The recently-released Weight Watchers “Kurbo” diet app for kids has received a lot of well-deserved criticism. The company’s responses–that the app is about promoting healthy choices, that it’s not a diet–have been terrific examples of diet culture’s current re-branding from prescribed restriction à la Jenny Craig to an illusion of abundance: you can eat as much as you want, as long as it’s “clean.” But anything that presents certain foods as “good” and others as “bad” is a diet.
I believe dieting is harmful, not to mention ineffective. Dieting splits you into prisoner and guard, so you feel like you’re at war with yourself. Dieting alienates you from your body as hunger cues become threats, and cravings suspicious. Dieting takes eating, an essential part of life, and turns it into a mine-field of shame as you try to make “good” choices and avoid “bad” ones. Dieting reinforces–with every single bite of food–a belief that your body is less valuable when it’s bigger and more valuable when it’s smaller.
We live in a culture that is afraid of fat bodies. Consider: if you recoil at the sight of a fat person eating fast food with thoughts of, “Ugh, how can she do that to herself?” do you also recoil at the sight of a thin person eating the same meal? No? Even though you have no further knowledge of either person’s health? It’s understandable: we’re socially trained to judge fat people. We can question it and try to unlearn what we’ve been taught, but most of us fall into that trap of equating weight with health.
It doesn’t help that fear of and bias against fat bodies is present in medical care. This is backed by research (e.g., 1, 2), or you can ask nearly any woman who is or was ever fat and she’ll probably have an anecdote about a doctor dismissing her symptoms or concerns by stating she should lose weight first and then come back if that doesn’t solve the problem.
So what can parents do when their teen or tween daughter is anxious about her weight? In particular, what can moms do when their daughter is uncomfortable with the size and shape of her body?
First: be honest with yourself about your own relationship with your body. Does your daughter hear you making disparaging remarks about your body? Does she see you dieting? If asked, would she say you accept your body as it is? If the idea of accepting your body as it is right now feels impossible, ridiculous, or terrifying to you, take some time to reflect. Be kind to yourself. Body acceptance is hard if you don’t happen to have a genetic disposition for the culturally preferred body shape and size. Body hatred feels natural if you’ve grown up with the message that fat bodies are ugly, unhealthy, and bad. Do some reading (Health at Every Size is a good starting point), practice mindful appreciation of what your body can do (yoga and similar physical activities can be great for this!), or work with a therapist to explore your beliefs and assumptions around body size and worthiness. If you are in/near Longmont and this is resonating with you, I would LOVE to help you shift toward self-acceptance and body-positivity.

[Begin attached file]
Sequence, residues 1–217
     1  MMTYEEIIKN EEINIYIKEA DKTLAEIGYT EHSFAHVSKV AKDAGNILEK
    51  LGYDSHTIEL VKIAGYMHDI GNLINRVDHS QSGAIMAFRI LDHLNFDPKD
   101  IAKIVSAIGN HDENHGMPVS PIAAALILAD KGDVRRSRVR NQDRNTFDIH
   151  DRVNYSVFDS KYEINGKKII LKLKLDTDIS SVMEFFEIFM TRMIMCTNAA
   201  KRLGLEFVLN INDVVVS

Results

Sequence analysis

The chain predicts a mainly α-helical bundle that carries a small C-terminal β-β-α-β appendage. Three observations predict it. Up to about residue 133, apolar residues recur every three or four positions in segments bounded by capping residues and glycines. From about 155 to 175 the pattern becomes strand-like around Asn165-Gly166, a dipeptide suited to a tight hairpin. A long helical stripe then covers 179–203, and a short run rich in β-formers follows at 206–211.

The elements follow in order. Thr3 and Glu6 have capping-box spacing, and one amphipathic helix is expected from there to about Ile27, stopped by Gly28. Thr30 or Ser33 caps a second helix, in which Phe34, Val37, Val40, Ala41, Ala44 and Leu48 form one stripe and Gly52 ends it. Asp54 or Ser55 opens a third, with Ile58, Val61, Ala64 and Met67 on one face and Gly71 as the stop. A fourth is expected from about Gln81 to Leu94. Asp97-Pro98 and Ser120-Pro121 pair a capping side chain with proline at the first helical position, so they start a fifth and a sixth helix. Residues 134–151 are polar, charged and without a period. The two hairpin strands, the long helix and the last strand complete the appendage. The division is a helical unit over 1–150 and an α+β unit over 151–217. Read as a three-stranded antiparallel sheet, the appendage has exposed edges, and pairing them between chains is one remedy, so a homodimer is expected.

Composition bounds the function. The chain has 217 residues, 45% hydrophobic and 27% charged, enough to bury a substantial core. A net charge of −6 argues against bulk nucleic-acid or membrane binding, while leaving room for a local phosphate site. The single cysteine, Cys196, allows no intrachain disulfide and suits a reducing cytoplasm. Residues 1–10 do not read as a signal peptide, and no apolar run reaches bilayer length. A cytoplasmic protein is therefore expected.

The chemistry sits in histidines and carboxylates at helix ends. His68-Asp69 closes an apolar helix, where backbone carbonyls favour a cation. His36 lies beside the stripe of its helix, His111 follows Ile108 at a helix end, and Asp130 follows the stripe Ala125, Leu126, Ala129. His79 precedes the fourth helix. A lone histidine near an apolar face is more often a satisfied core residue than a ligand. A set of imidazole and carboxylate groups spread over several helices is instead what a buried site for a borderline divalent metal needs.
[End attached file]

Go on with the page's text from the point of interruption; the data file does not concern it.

Second: challenge your daughter’s assumptions around weight, beauty, health, and food. Make sure she knows Prettiness is not a rent you pay for occupying a space marked “female.” Watch movies and TV shows that depict diverse body sizes without centering bigger characters’ stories on weight loss–like Shrill, Isn’t It Romantic, My Mad Fat Diary, Drop Dead Diva, and Crazy Ex-Girlfriend. Be aware of the language you use around clothing: “That dress looks great on you!” is a more body positive statement than, “You look great in that dress!” (because clothes should decorate our bodies, rather than our bodies existing to be mannequins for clothes).
Banish any thought of ever saying, “You’re not fat–you’re beautiful!” If your daughter calls herself fat, you can say something like, “I know you’re feeling uncomfortable with your size, and that’s normal for a teenager. Our society teaches us that ‘fat’ is a dirty word, but it’s not. You are lovely and lovable.” Talk about how human bodies–especially cisgender girls’ bodies–change before and during puberty. Many girls have some weight gain early in puberty, before they reach their adult height and the accumulated body fat gets distributed. It may feel disorienting to suddenly carry extra body fat, so go ahead and acknowledge that these changes are often hard, but they don’t make her ugly or unusual.
Talk about hunger and the importance of listening to the body’s cues. Remove the words “good,” “bad,” “healthy,” and “unhealthy” from your vocabulary around food. Talk about nourishment–giving the body the building blocks it needs to feel good and function well–and pleasure. Talk about mindful eating vs. inhaling food, and practice eating slowly together so your daughter can learn to stop eating when she feels full (not because eating beyond a full stomach is morally wrong, just because it’s uncomfortable and not what the body needs). Talk about how different foods make you feel (energized? sleepy? nauseous?). Learn together about intuitive eating.
Above all: teach your daughter that food and weight are morally neutral.* Society will pummel her with unrealistic, harmful, and false expectations for her weight, appearance, and eating. Give her the tools she will need to discern for herself how best to take care of and nourish her body.
If you are concerned your daughter’s weight-related anxiety might warrant therapy, or if you would like to have these conversations within a context of family therapy, please contact me. I am passionate about protecting young people, especially girls, from the toxic effects of diet culture.
*I know, I know, there’s a lot to discuss around accessibility of nutritious foods, environmentally-friendly agriculture, humane treatment of animals, etc. etc. etc. In that sense, food is not morally neutral. But let’s take this one step at a time, OK?